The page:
HOPE, Ark. — Over a lunch of hamburger steaks, mashed potatoes and green beans, Walter Hussman delivered his pitch to the dozen or so attendees of the Hope, Arkansas, Rotary Club meeting. He promised that if they keep paying their current rate of $36 a month for subscription to the Arkansas Democrat-Gazette newspaper, even though it will no longer be printed daily or delivered to their door, they'll get a free iPad to view a digital version.The daily digital replica of the state's largest newspaper will be accessed with an easy-to-use app they can download on the tablet that the newspaper is distributing to subscribers.Hussman, the newspaper's publisher, said Wednesday that by the end of the year, only the Sunday edition of the paper will be printed.It's a gamble Hussman feels compelled to take to sustain his newsroom of 106 employees and turn a profit, which the paper hasn't done since 2017.In March 2018, the paper began the experiment in Blytheville, a town of about 14,000 in the northeast corner of the state 155 miles (249 kilometres) from Little Rock, where the paper publishes. Each of the paper's 200 subscribers was offered the iPad at the current print delivery rate, plus a personal training session to explain how to use the tablet, and print delivery stopped about two months later.More than 70% of the Blytheville subscribers converted to the digital version, a figure that, if replicated statewide, is enough for the paper to turn a profit, which Hussman expects will be in 2020. Including distribution of the Northwest Arkansas Democrat-Gazette, which is not converting to iPad, the paper's daily circulation was about 80,000 before the transition, said Larry Graham, vice-president of circulation.Hussman has said he's willing to spend $12 million on the tablets, or about 36,400 iPads, which retail for $329. At the current lowest subscription rate of $34 a month, that would generate about $14.8 million in revenue per year, which Hussman said would turn a profit after expenses.Rick Edmonds, media business analyst at Poynter, said two publications have tried similar experiments. In 2011, the Philadelphia Inquirer sold Android tablets for $100 if users signed up for a two-year, $9.99 monthly subscription, a program which Edmonds said was "very unsuccessful." In 2013, the Montreal-based La Presse launched a free tablet app and discontinued daily printed editions three years later, though they've since become a non-profit.To sell the Democrat-Gazette's plan, Hussman is travelling the state speaking to civic clubs. He explains how advertising revenue for newspapers has dropped precipitously since its peak in 2006, and how digital advertising isn't as profitable as media outlets originally predicted.After the Rotary meeting, 65-year-old Steve Harris, a subscriber since the early 1980s, said he's been using his iPad for about a month. There are "pros and cons" to the iPad, but he likes the photo galleries available on the digital replica, as well as its ease of access when he's travelling.But Bill Loe, 87, said he doesn't know if he'll keep subscribing."I'm not sure. If I can run that gadget, I will," he said.In Hussman's experience, skepticism is the initial reaction from subscribers of the newspaper, who tend to skew older, but eventually, most tell him they prefer it to print.The digital replica looks just like the printed paper and is intuitive to navigate within the app. Clicking on the jump takes the user to the continuing story. The text can be enlarged. All pictures are in colour; some also reveal videos.This isn't Hussman's first controversial move to keep his newspaper profitable. In the mid-2000s, he thought papers publishing online content for free was short-sighted and the Democrat-Gazette's website established a paywall earlier than most media organizations.The tablets are essentially a long-term loan and subscribers keep them for as long as they pay for the paper. They're also responsible for repairing or replacing the tablets, which come with Apple's one-year warranty. Hussman said the newspaper doesn't monitor usage or track users in any way. When it's returned, it's wiped clean and can be re-distributed.Hussman isn't sure whether the digital replica will appeal to younger generations, but enough people are converting for now.Penny Muse Abernathy, who teaches digital media economics and behaviour at University of North Carolina at Chapel Hill, said whether people will continue to pay depends on what the reader experience is like and if the news is still vital to readers."I think it's a very smart move. It's a very farsighted one," she said.The Arkansas Democrat-Gazette, which turns 200 this year, won two Pulitzers in 1958 as the Gazette before two papers merged, for its coverage of the integration of Little Rock's Central High School."I wish we didn't have to do this," Hussman said of scrapping print, but to sell the newspaper would be a "dereliction of our responsibility."Cutting print delivery hasn't disappointed everyone, though. Dolly Henley, 61, decided to subscribe at the Rotary Club meeting. She and her husband haven't had the Democrat-Gazette delivered to their home in the 25 years they've lived in the tiny town of Washington, Arkansas. Now, with the digital replica accessible by iPad, she's excited to get daily "delivery" again."Getting it to the digital world is just where it's at right now," she said. "Change is good."___Follow Hannah Grabenstein on Twitter: https://twitter.com/hgrabensteinHannah Grabenstein, The Associated Press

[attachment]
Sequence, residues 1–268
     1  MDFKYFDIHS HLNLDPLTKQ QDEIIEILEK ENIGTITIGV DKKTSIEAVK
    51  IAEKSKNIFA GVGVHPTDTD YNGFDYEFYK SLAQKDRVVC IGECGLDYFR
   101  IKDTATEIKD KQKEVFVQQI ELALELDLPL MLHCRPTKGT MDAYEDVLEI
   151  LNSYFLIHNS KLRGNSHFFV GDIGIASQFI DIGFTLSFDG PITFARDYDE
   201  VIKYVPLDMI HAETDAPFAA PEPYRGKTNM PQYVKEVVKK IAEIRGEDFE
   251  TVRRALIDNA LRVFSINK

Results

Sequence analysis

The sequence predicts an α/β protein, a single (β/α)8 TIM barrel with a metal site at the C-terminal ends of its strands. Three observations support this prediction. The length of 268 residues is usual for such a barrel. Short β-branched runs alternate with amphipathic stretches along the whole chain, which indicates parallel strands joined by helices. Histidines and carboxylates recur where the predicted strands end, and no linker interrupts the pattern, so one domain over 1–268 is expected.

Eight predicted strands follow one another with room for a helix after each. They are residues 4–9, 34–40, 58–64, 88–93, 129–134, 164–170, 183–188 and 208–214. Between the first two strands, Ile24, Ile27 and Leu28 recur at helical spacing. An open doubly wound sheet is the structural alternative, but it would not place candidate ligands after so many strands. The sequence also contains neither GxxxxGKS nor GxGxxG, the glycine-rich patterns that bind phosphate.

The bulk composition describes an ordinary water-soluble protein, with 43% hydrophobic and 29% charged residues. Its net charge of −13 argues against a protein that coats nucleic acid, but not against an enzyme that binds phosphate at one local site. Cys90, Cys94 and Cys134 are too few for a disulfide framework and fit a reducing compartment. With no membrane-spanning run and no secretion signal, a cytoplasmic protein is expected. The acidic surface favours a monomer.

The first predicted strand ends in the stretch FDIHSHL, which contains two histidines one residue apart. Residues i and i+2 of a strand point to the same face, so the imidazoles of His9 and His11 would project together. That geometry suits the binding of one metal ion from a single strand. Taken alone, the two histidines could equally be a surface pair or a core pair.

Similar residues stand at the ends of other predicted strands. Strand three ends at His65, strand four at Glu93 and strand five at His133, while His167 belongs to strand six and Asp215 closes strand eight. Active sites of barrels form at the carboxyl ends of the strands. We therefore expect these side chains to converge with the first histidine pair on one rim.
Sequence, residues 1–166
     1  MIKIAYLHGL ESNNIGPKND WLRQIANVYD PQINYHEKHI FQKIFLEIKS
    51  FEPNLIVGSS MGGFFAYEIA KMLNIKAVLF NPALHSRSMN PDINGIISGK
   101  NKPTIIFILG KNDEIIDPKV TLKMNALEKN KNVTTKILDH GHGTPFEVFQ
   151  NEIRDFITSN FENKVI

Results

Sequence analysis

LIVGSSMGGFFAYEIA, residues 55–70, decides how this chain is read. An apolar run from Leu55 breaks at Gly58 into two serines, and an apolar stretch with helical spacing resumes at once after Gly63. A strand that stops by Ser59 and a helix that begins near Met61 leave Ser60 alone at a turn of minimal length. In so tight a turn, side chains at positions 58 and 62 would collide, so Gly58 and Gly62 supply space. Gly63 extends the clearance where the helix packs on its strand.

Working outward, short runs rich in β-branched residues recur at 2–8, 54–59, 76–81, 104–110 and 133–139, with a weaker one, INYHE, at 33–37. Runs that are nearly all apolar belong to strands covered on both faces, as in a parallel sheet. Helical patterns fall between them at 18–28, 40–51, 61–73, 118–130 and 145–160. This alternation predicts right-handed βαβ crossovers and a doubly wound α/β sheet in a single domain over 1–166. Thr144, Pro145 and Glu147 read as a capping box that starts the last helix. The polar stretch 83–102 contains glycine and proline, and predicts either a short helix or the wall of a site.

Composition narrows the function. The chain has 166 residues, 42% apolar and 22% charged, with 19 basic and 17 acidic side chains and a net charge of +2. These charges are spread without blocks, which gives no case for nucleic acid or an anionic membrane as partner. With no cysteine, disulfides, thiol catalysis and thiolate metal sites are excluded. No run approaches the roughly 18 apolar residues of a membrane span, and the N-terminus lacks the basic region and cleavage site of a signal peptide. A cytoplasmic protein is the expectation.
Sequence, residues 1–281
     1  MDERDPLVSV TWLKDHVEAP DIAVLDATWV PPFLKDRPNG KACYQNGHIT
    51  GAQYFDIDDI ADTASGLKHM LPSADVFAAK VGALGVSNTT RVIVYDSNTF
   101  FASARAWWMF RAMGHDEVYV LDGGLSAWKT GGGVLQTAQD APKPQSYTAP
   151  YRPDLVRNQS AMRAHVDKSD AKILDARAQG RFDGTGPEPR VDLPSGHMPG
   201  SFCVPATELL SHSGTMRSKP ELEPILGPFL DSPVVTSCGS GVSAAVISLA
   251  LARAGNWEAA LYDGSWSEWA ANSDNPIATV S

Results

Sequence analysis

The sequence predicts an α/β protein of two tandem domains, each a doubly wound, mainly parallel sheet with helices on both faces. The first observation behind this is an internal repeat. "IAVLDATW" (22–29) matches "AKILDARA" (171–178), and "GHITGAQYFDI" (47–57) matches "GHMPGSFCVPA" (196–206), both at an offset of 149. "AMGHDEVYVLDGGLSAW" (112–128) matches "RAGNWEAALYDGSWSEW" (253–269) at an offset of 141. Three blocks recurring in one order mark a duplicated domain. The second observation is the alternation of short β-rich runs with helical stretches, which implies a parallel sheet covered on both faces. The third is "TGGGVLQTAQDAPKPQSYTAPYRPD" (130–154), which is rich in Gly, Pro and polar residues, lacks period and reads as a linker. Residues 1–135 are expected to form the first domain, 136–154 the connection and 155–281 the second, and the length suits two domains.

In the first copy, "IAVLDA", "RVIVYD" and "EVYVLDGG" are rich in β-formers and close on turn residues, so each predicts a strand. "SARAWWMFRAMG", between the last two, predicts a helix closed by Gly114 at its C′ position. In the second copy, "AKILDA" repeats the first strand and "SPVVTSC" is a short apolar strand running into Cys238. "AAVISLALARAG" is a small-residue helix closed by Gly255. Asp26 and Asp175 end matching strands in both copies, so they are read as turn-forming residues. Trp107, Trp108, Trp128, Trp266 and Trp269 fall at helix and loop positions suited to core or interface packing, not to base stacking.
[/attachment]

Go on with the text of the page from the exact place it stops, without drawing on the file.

Ninety police investigators supported by 30 scientific officers and technicians as well as local police were searching for the man, who was seen on security cameras at around 5.30 p.m. on Friday, anti-terrorism prosecutor Remy Heitz told reporters in Paris. French police were able to track the movements of the man, who appeared to be around 30 years old, for 10 minutes before the attack and are still trying to identify him.